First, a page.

The defendant argues that because the storage tanks are installed in the ground and covered with concrete they are permanently affixed to the property and have become part of the real estate. The defendant argues that the tanks must therefore be considered improvements to the premises. The plaintiff responds that the tanks are trade fixtures which, under New York law, are removable regardless of how they are affixed to the property. The Court agrees with the plaintiff.
Trade fixtures have been defined as property installed by a tenant at his own expense, during the term of the lease, to carry on the business for which the realty was leased. See East Side Car Wash v. K.R.K. Capitol, Inc., 102 A.D.2d 157, 476 N.Y.S.2d 837, 840 (1st Dept. 1984); Foureal Co. v. National Molding Corp., 74 Misc.2d 316, 344 N.Y.S.2d 598, 601 (Dist. Ct. 1973). If the property at issue is a trade fixture, the tenant has the right to remove that property, even if it is affixed to the related realty. See East Side Car Wash, 476 N.Y.S.2d at 840; Crater's Wharf v. Valvoline Oil Co., 204 A.D. 840, 196 N.Y.S. 815, 816 (2d Dept. 1922). See also Interstate Lien Corp. v. Schmidt, 180 Misc. 910, 44 N.Y.S.2d 709, 711 (N.Y. Co. Ct. 1943) ("[A] tenant may take away whatever he erects for the purpose of carrying on trade, whether it be machinery or buildings, even though affixed to the soil or freehold . . . .").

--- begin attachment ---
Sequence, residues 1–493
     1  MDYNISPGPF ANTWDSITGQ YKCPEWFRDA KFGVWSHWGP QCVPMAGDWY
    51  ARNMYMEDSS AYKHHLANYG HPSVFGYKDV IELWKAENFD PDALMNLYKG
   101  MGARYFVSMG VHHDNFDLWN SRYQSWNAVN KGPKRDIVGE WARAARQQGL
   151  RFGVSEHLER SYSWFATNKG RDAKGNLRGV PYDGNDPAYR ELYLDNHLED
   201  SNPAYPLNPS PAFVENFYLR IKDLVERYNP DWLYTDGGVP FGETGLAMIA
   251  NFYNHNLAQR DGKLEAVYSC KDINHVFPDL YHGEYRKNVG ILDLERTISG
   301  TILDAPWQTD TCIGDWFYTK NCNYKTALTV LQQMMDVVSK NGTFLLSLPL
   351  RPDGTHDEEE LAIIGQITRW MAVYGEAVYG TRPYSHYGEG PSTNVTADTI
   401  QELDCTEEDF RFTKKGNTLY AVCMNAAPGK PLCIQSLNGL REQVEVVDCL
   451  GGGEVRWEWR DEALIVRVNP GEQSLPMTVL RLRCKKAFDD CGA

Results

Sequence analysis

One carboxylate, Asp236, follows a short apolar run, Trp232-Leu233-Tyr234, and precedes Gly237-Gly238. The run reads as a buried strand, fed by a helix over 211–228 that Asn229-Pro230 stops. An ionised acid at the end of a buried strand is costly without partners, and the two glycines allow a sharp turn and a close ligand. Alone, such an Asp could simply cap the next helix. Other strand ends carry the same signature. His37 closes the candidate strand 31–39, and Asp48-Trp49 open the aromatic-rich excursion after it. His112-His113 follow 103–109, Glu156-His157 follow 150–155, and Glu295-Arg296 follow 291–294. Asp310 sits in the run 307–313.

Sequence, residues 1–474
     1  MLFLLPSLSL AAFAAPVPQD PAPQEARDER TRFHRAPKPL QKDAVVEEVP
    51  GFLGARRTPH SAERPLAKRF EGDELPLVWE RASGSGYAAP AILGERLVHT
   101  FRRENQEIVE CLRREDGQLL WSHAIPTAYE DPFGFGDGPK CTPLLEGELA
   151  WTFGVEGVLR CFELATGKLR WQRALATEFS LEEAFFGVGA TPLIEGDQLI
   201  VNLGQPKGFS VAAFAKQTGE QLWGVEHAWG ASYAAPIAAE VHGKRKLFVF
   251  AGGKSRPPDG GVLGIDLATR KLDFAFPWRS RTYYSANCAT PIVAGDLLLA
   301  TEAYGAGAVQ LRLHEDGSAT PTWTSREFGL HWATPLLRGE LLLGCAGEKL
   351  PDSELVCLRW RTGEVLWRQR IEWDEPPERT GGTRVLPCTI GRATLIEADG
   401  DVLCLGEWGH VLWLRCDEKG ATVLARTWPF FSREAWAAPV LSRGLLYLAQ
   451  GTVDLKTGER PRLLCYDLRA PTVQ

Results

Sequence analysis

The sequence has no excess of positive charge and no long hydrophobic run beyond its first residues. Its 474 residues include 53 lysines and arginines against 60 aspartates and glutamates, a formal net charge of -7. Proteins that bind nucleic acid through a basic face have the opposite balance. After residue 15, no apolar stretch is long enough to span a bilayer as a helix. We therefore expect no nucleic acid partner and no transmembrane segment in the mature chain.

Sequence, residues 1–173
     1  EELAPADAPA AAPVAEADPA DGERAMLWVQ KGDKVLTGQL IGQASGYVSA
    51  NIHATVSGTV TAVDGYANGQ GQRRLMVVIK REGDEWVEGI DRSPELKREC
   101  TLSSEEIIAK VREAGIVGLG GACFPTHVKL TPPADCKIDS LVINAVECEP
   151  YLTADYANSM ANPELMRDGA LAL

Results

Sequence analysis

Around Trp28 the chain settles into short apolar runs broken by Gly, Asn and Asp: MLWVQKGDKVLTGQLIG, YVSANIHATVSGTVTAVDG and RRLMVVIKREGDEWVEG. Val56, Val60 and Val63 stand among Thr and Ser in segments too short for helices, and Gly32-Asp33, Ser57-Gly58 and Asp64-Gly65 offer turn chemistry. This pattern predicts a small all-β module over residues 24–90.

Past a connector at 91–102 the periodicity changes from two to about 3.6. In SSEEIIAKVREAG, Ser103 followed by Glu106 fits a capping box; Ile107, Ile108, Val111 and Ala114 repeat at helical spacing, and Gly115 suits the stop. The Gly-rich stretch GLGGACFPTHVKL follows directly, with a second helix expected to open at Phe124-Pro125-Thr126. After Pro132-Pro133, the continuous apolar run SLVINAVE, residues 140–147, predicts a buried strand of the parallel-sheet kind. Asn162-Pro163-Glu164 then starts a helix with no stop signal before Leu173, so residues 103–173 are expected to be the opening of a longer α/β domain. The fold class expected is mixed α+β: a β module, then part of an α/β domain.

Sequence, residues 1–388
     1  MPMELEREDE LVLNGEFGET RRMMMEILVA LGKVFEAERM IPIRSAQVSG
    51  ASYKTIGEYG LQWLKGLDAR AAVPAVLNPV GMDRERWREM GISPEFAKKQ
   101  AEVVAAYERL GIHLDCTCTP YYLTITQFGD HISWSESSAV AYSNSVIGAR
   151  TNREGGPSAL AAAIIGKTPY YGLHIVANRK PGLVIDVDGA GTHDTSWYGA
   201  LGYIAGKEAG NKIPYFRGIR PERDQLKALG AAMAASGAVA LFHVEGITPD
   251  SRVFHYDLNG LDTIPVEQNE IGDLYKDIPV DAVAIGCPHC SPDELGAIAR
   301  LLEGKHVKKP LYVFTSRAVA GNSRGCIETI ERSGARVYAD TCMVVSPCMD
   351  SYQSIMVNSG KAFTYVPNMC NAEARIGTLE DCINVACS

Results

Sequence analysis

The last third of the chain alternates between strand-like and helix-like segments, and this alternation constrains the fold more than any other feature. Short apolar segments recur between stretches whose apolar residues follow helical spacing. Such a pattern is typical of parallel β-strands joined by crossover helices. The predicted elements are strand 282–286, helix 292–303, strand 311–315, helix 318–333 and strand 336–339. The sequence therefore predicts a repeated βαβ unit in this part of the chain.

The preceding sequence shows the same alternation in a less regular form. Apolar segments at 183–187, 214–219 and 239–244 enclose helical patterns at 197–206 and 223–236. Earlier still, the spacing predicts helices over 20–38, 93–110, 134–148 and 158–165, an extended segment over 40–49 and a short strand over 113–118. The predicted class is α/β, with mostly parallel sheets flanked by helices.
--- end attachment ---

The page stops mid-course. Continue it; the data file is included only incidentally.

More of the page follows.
In the instant case, it is undisputed that the storage tanks at issue here were installed by Shell, as tenant during the term of the lease. It is evident from the record that the storage tanks were installed solely for the purpose of furthering Shell's business. Thus, the tanks must be considered to be trade fixtures--or equipment--rather than being considered a permanent part of the real estate or an improvement to the premises.
Under New York law there is a presumption that "'[u]nless a contrary intention is expressed, . . . where installations are made for the purposes of conducting the business for which premises are leased, such installations are not permanent annexations to the freehold, but are made for the sole use and enjoyment of the tenant during the term of his lease . . . .'" Flah's of Syracuse, Inc. v. Tully, 89 A.D.2d 729, 453 N.Y.S.2d 855, 857 (3rd Dept. 1982) (quoting Matter of 100 Park Ave. v. Boyland, 144 N.Y.S.2d 88, 93 (N.Y. Sup. 1953), aff'd, 309 N.Y. 685, 128 N.E.2d 325 (1955). In the instant case, the defendant has failed to overcome this legal presumption.